Ricky Lalande, Petitioner-appellant, v. James C. Spalding et al., Respondents-appellees, 651 F.2d 643 (9th Cir. 1981)Annotate this Case
Stephen K. Strong, Bendich, Stobaugh & Strong, Seattle, Wash., on brief, for petitioner-appellant.
Nate D. Mannakee, Robert E. Mack, Asst. Attys. Gen., Olympia, Wash., for respondents-appellees.
Appeal from the United States District Court for the Eastern District of Washington.
Before WALLACE, FLETCHER and NORRIS, Circuit Judges.
LaLande filed a petition for a writ of habeas corpus seven years after his state conviction, contending that: (1) he was coerced into pleading guilty; (2) he received ineffective assistance of counsel; and (3) the prosecution had breached a promise not to prosecute him. The State moved to dismiss, contending that Rule 9 of the Rules Governing Section 2254 Cases contains a presumption of prejudice to the state from the delay when a petition is filed more than five years after the judgment. The State did not point to any actual prejudice, but relied solely on the presumption of prejudice arising from the passage of time. The district judge dismissed the petition for the reason stated by the State.
The Advisory Committee Note to Rule 9 does articulate the position espoused by the State. 28 U.S.C. § 2254 at 272 (1976). That statement, however, is in error. Congress specifically removed any presumption of prejudice from Rule 9(a) arising from the passage of time, putting the burden on the state to prove any prejudice. In 1976, Congress deleted the underlined material from Rule 9(a):
(a) DELAYED PETITIONS. A petition may be dismissed if it appears that the state of which the respondent is an officer has been prejudiced in its ability to respond to the petition by delay in its filing unless the petitioner shows that it is based on grounds of which he could not have had knowledge by the exercise of reasonable diligence before the circumstances prejudicial to the state occurred. If the petition is filed more than five years after the judgment of conviction, there shall be a presumption, rebuttable by the petitioner, that there is prejudice to the state. When a petition challenges the validity of an action, such as revocation of probation or parole, which occurs after judgment of conviction, the five-year period as to that action shall start to run at the time the order in the challenged action took place.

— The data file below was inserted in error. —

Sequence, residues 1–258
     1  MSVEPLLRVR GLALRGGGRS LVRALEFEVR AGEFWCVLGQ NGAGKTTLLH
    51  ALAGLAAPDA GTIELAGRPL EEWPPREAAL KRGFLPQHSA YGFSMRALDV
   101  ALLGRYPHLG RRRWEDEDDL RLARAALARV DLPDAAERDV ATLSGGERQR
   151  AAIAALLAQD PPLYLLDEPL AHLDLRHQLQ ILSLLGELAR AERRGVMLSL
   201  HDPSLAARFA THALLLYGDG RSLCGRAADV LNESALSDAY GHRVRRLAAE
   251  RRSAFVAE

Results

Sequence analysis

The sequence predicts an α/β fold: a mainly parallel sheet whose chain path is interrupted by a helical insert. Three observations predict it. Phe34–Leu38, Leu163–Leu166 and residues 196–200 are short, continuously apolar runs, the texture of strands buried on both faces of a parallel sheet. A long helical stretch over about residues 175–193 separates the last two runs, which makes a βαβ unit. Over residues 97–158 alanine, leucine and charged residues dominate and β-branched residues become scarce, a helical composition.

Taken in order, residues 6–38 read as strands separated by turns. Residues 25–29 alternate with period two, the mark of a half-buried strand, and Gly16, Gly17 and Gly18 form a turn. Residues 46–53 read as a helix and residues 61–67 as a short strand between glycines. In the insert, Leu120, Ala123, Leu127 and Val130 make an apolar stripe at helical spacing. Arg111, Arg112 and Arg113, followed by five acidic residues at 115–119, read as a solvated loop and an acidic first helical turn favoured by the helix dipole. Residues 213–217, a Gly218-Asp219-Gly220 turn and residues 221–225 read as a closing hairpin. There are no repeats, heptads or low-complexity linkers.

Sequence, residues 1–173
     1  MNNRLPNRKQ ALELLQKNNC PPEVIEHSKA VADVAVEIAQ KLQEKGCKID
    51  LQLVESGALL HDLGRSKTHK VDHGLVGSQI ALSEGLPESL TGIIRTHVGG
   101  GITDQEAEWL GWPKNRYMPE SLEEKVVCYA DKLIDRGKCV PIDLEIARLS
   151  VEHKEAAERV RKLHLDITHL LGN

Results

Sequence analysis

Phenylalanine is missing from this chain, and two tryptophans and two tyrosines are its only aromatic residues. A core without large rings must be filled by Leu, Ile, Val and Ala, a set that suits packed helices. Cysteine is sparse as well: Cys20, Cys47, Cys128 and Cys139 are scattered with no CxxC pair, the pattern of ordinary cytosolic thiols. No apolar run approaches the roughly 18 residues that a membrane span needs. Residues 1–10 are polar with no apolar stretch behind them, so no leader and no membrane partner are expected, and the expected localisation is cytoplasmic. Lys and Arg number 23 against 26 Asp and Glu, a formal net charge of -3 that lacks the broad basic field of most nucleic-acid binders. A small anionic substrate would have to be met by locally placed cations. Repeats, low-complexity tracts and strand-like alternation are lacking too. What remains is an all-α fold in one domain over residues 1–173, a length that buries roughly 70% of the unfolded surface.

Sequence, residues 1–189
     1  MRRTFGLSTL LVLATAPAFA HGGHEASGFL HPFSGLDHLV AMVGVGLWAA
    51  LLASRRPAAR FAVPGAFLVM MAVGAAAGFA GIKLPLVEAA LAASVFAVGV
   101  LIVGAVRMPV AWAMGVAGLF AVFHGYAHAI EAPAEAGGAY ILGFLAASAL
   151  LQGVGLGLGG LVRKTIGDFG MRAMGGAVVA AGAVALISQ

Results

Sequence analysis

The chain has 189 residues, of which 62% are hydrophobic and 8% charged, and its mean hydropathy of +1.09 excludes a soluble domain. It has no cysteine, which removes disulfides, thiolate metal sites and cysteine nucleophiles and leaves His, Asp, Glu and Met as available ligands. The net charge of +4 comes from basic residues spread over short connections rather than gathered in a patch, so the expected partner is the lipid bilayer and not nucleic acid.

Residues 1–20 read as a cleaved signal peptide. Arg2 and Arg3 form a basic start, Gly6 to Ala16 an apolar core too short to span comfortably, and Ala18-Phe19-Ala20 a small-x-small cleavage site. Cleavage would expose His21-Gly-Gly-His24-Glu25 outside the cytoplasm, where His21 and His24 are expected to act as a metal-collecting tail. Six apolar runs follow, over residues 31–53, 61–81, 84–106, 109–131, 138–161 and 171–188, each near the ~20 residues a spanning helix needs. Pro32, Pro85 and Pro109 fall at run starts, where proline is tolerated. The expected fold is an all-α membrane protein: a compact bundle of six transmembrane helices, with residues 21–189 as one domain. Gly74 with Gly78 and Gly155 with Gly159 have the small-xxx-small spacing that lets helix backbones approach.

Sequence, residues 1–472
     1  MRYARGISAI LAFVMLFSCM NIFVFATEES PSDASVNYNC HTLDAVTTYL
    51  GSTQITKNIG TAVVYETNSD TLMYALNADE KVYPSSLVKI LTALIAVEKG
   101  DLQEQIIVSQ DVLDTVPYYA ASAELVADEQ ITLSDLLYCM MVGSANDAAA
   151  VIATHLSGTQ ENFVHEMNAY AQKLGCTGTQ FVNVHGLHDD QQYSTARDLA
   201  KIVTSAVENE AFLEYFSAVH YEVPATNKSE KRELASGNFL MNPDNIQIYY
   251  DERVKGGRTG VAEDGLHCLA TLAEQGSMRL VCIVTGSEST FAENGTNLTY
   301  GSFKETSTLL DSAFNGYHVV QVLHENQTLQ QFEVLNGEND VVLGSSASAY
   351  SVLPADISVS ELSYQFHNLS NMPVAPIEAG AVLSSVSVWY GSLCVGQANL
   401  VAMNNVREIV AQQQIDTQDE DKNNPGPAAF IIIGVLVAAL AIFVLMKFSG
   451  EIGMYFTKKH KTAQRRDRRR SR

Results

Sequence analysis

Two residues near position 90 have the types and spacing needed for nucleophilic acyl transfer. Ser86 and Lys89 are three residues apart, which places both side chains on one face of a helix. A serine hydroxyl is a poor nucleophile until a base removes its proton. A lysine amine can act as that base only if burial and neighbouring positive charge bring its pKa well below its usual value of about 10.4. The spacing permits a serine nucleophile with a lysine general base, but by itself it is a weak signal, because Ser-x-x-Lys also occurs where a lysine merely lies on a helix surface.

3 (1976) U.S.Code Cong. & Ad.News, 2478, 2485.
Congress gave two reasons for removing that presumption of prejudice:
The legislation amends Rule 9(a) in both the § 2254 rules and the § 2255 rules by deleting the language relating to the rebuttable presumption after 5 years and the calculation of the 5 year period. The Committee believes that it is unsound policy to require the defendant to overcome a presumption of prejudice8 and that the legislation brings Rule 9(a) into conformity with other provisions of law.
Id. at 2481 (footnote 9 omitted). The House Report explained in footnote 8 that the burden of showing prejudice should be on the state because only it knew the facts:
Those facts which make it difficult for the State to respond to an old claim (such as the death of the prosecutor) can readily be discovered by the State. It is not easy, perhaps in some instances not possible, for a prisoner to discover those facts that he would have to show in order to rebut the presumption of prejudice.
Id. at 2482 n.8. Congress also approved of prior cases allowing a prisoner to file a petition well after five years from the date of conviction. See id. n.9.
Because the State made no showing that it was prejudiced by the seven-year delay, the district court erred in dismissing the petition under Rule 9(a). Consequently, we reverse and remand. As a result of our decision, we need not reach any other questions raised by LaLande.
REVERSED AND REMANDED.